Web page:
Zebra Misc

The “Dog Days” of Summer and your AC

Lets Talk Cars  August 2013 Remember the days before there even WAS air conditioning in cars?

By Dennis Whitestone

The “Dog Days” of summer are upon us. For the Washington, DC, area that means hot, humid and hazy. Not to worry – just crank up the air conditioner and let the cool air flow!

But, that wasn’t always the case, particularly when it came to the family car. Actually, it wasn’t until 1969 that air conditioning was available in more than half of all assembly line produced vehicles.

In 1939 Packard Motor Company became the first to offer air conditioning to its customers. The evaporator system took up the entire trunk space of the vehicle, preventing owners from using the trunk for anything else. In 1941 Cadillac came out with their AC system.

Those early attempts at auto air conditioning were not only cumbersome but also demanding of a driver’s time. There was no automatic compressor clutch in the 41 Cady model. If one wanted the air off it required stopping the car, getting out, and removing the belt.

Then came World War II and production of automobiles ceased. The factories were turned into assembly lines for war time equipment — trucks, tanks and other military vehicles. The next automobiles didn’t roll off those assembly lines until 1947.

Prior to air conditioners being made part of the new cars after the war there were what was known as “bullet” air conditioning units. These large metal units fit on to the windows of the car, were filled with water, and pumped cool air into the passenger space. They needed refilling about every four to five hours of driving time.

In 1953 the Chrysler Imperial was the first mass production automobile to offer air conditioning. Then in 1954 the Harrison Radiator Division of General Motors made affordable units to be mass produced. They were introduced in the 1954 Pontiacs.

That was the same year that the Nash Ambassador became the first automobile to offer a fully integrated heating, ventilating, and air conditioning system. It was patterned after the Nash-Kelvinator Corporation’s refrigeration units, but so compact that it could be completely installed under the car’s hood.

By 1969 air conditioning became a standard offering in more than half the cars mass produced in this country. Some brands had window stickers that heralded the fact that the car had air conditioning. For those models not equipped with factory installed units there were under the dash units that could be installed by dealers.

They became so popular that a 1971 front page story in the New York Times predicted the demise of the convertible because “in the age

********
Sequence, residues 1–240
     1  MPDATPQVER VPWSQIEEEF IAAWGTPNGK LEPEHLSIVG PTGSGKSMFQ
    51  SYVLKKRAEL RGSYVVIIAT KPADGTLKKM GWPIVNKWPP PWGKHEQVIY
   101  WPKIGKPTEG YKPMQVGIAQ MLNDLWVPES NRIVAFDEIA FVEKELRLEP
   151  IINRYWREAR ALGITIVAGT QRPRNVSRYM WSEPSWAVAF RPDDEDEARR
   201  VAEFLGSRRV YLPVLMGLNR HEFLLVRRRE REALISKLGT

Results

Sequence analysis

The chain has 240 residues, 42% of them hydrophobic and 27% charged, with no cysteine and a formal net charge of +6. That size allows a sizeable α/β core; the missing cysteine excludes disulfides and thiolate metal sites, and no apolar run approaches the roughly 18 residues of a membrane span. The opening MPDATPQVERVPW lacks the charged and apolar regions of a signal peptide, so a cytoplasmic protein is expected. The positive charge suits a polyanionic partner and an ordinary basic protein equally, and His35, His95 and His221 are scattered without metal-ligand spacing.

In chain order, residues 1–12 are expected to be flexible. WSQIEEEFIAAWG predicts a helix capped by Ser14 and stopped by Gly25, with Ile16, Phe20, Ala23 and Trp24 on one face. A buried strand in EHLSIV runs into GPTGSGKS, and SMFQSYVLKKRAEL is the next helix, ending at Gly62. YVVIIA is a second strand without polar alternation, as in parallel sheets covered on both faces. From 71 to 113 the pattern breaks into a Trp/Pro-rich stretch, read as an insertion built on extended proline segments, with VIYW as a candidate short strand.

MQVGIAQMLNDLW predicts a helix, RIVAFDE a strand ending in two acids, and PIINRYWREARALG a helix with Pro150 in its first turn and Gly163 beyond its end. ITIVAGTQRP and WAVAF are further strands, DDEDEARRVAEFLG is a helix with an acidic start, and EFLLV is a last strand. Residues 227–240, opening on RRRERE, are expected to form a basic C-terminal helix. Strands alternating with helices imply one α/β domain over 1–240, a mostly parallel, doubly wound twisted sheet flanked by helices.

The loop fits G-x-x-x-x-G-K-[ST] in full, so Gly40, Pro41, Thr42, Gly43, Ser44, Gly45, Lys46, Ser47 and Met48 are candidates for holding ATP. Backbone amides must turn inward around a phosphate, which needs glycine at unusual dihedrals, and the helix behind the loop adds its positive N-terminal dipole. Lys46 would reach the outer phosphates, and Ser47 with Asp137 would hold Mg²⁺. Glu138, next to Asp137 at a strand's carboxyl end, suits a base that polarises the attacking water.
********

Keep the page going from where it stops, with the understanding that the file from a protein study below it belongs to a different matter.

of air conditioning, real air has lost its value.” And, that almost became the case when the automotive giants stopped making convertibles for a period of time.

The last full size convertible to come off the assembly line was the Bi-centennial edition of the 1976 Cadillac. Convertibles didn’t reappear in mass production again until the late 1980’s.

But, automobile air conditioning was about to run up against another opponent — the U.S. Government. After the freon used in air conditioning systems, known as R-12, was blamed for helping to deplete the ozone layer, the government mandated that manufactures switch from R-12 to the less harmful R-134a.

The latter is more efficient and less harmful to the ozone layer. Therefore, all cars built after 1995 must use R-134a as the refrigerant in their air conditioning systems. And, only licensed air conditioning technicians are approved to do AC work using the proper equipment.

Prior to the change over from R-12, the old freon was let out into the atmosphere when air conditioners were being serviced. With the advent of R-134a the freon is now captured. Automobiles also require less R-134a than R-12. Systems used to carry approximately four to seven pounds of R-12. Most vehicles now contain approximately two pounds of R-134a, which presents a far lesser risk to the ozone layer if it escapes during an accident. A.C. systems have improved dramatically over the years. They cool better and use less freon which saves on the cost of repair and is also better for the earth’s ozone layer.

Many car models now also feature what is known as a “cabin filter.” Air from the outside is taken into the car passes through this filter which helps clean the air of most of its impurities. Better air to breathe and cooler air makes a very good system for both the driver and any passengers that may be in the vehicle.

Cabin filters can need replacement as often as every 15,000 miles. That is more frequent than the engine air filter. But, in my opinion, it is very worthwhile for those in the vehicle. AC systems have become much more modernized and efficient. That trend will probably continue into the future as vehicles and people become more environmentally sensitive.




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